July 2019
Volume 60, Issue 9
Open Access
ARVO Annual Meeting Abstract  |   July 2019
Shape of globe expansion determines the optic nerve head configuration
Author Affiliations & Notes
  • Kyoung Min Lee
    Department of Ophthalmology, Seoul National University Boramae Medical Center, Seoul, Korea (the Democratic People's Republic of)
  • Martha Kim
    Ophthalmology, Dongguk University Ilsan Hospital, Goyang, Korea (the Republic of)
  • Sohee Oh
    Department of Ophthalmology, Seoul National University Boramae Medical Center, Seoul, Korea (the Democratic People's Republic of)
  • SeokHwan Kim
    Department of Ophthalmology, Seoul National University Boramae Medical Center, Seoul, Korea (the Democratic People's Republic of)
  • Footnotes
    Commercial Relationships   Kyoung Min Lee, None; Martha Kim, None; Sohee Oh, None; SeokHwan Kim, None
  • Footnotes
    Support  Supported by a multidisciplinary research grant-in-aid from the Seoul National University Boramae Medical Center (grant no. 02-2016-1).
Investigative Ophthalmology & Visual Science July 2019, Vol.60, 6193. doi:https://doi.org/
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    • Get Citation

      Kyoung Min Lee, Martha Kim, Sohee Oh, SeokHwan Kim; Shape of globe expansion determines the optic nerve head configuration. Invest. Ophthalmol. Vis. Sci. 2019;60(9):6193. doi: https://doi.org/.

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      © ARVO (1962-2015); The Authors (2016-present)

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Abstract

Purpose : To investigate the association between the morphology of optic nerve head (ONH) and the spherical shape of eyeball.

Methods : Among the subjects who had been enrolled in the Boramae Glaucoma Imaging study with a diagnosis of glaucoma or glaucoma suspect, 108 eyes from 108 subjects who had Magnetic Resonance Imaging (MRI) scans of eyeball were included retrospectively. Spherical shape of eyeballs was classified according to the dimension of the longest diameter in the MRI scans: group 1 with axial dimension (prolate sphere), group 2 with horizontal dimension (horizontally oblate sphere), and group 3 with vertical dimension (vertically oblate sphere). The ONH morphology was evaluated in the aspect of the angular deviation of vascular trunk and the angular location of the longest externally oblique border from the center of Bruch’s membrane opening (BMO). For this purpose, the BMO was delineated by OCT imaging, and the angular deviation of vascular trunk was measured with the horizontal nasal midline as 0° and the superior location as a positive value, while the angular location of the longest externally oblique border was measured with the horizontal temporal midline as 0° and the superior location as a positive value.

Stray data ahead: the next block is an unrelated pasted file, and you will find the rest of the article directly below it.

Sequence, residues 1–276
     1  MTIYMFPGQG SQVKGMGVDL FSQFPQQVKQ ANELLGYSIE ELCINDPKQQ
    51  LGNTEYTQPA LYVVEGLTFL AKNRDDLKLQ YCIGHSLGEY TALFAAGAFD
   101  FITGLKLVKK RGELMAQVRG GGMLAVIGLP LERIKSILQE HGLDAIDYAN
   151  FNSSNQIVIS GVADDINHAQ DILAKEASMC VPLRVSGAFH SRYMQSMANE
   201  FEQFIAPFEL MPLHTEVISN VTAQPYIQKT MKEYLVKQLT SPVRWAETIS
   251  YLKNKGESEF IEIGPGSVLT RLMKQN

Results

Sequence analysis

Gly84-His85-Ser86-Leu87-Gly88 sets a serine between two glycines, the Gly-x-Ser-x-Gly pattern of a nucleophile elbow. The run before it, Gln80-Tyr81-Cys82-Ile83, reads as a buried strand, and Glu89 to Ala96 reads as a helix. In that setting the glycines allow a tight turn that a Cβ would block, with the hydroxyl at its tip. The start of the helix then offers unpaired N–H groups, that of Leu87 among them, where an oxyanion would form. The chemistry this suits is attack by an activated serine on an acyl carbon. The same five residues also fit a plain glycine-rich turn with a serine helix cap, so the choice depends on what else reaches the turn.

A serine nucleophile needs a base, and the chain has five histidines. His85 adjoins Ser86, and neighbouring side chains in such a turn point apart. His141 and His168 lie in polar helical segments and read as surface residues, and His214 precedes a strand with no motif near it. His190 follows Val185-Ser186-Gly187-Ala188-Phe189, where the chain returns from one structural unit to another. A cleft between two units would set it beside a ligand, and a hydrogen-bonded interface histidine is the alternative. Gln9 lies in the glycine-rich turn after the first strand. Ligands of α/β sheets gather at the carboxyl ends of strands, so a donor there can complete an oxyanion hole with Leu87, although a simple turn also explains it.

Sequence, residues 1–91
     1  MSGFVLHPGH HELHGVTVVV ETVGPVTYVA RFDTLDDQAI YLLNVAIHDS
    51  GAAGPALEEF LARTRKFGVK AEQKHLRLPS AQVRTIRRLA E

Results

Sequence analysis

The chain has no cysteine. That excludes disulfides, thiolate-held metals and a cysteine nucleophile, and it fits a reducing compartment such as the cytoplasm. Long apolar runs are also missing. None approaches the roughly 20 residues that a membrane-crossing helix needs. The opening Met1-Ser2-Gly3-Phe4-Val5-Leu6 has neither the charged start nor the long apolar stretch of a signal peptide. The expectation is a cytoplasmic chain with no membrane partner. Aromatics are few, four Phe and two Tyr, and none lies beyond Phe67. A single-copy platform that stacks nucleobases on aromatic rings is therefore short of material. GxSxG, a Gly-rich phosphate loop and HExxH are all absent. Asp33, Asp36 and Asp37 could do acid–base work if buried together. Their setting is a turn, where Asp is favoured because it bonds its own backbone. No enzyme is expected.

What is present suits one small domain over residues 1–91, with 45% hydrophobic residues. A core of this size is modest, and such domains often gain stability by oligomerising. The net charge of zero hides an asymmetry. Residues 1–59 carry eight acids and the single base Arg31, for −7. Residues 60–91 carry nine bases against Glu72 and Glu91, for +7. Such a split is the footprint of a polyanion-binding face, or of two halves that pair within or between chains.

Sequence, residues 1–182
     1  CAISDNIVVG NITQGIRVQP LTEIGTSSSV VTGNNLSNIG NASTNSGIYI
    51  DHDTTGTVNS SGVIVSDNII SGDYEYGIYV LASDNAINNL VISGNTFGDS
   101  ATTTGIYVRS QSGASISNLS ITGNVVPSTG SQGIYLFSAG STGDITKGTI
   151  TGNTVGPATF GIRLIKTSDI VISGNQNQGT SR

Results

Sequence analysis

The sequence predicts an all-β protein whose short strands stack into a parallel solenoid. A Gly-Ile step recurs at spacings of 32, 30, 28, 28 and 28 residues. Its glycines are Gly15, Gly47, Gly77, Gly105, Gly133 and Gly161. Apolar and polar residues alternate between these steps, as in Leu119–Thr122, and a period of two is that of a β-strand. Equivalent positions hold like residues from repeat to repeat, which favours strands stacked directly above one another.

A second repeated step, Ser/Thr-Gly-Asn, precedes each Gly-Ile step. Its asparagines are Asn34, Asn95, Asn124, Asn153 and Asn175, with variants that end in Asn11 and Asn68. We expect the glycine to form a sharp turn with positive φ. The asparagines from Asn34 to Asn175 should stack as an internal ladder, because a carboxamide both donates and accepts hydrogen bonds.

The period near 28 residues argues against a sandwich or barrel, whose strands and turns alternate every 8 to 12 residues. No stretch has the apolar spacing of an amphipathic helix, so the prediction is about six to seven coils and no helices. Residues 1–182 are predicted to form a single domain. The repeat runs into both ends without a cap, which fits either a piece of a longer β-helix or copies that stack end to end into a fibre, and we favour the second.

Results : Fifty-four eyes (50%) had a prolate shape (group 1), 34 eyes (31%) with a horizontally oblate shape (group 2), and 20 eyes (19%) with a vertically oblate shape (group 3). Prolate shape was associated with longer axial length and lesser angular deviation of vascular trunk from the horizontal midline. The position of vascular trunk was in the nasal side in group 1, in the temporal side in group 2, and along the vertical meridian in group 3. The externally oblique border was observed in 56 (52%) of subjects, and the angular location of the longest part was in the direction opposite to the vascular trunk position. A logistic regression analysis revealed that the angular deviation of the vascular trunk was the only associated factor of oblateness (OR = 1.035, P = 0.004).

Conclusions : The vascular trunk position within the BMO was determined by the spherical shape of eyeballs. It represented the different lengthening of the layers above and below the BMO during eyeball expansion thereby inducing the lamina cribrosa shift.

This abstract was presented at the 2019 ARVO Annual Meeting, held in Vancouver, Canada, April 28 - May 2, 2019.

 

Measurement of eyeball shape and the optic nerve head morphology

Measurement of eyeball shape and the optic nerve head morphology

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